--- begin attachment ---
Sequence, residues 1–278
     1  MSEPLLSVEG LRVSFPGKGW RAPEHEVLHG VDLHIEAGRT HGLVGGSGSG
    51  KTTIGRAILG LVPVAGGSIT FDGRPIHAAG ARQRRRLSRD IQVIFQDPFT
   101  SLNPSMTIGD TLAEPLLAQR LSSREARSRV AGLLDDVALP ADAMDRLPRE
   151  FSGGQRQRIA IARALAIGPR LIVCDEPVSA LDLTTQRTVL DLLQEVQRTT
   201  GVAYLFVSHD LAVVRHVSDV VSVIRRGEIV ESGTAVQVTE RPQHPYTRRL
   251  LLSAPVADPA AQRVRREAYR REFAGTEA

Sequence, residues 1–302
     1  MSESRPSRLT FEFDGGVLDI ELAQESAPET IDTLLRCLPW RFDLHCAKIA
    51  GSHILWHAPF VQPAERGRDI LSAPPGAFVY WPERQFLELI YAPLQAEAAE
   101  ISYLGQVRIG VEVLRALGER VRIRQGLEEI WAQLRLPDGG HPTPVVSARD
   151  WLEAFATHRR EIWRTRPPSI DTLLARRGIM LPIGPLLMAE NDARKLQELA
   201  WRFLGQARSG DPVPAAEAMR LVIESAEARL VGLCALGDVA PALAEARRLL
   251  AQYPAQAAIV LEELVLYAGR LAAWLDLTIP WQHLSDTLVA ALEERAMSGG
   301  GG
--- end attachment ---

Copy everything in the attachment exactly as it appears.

Sequence, residues 1–278
     1  MSEPLLSVEG LRVSFPGKGW RAPEHEVLHG VDLHIEAGRT HGLVGGSGSG
    51  KTTIGRAILG LVPVAGGSIT FDGRPIHAAG ARQRRRLSRD IQVIFQDPFT
   101  SLNPSMTIGD TLAEPLLAQR LSSREARSRV AGLLDDVALP ADAMDRLPRE
   151  FSGGQRQRIA IARALAIGPR LIVCDEPVSA LDLTTQRTVL DLLQEVQRTT
   201  GVAYLFVSHD LAVVRHVSDV VSVIRRGEIV ESGTAVQVTE RPQHPYTRRL
   251  LLSAPVADPA AQRVRREAYR REFAGTEA

Sequence, residues 1–302
     1  MSESRPSRLT FEFDGGVLDI ELAQESAPET IDTLLRCLPW RFDLHCAKIA
    51  GSHILWHAPF VQPAERGRDI LSAPPGAFVY WPERQFLELI YAPLQAEAAE
   101  ISYLGQVRIG VEVLRALGER VRIRQGLEEI WAQLRLPDGG HPTPVVSARD
   151  WLEAFATHRR EIWRTRPPSI DTLLARRGIM LPIGPLLMAE NDARKLQELA
   201  WRFLGQARSG DPVPAAEAMR LVIESAEARL VGLCALGDVA PALAEARRLL
   251  AQYPAQAAIV LEELVLYAGR LAAWLDLTIP WQHLSDTLVA ALEERAMSGG
   301  GG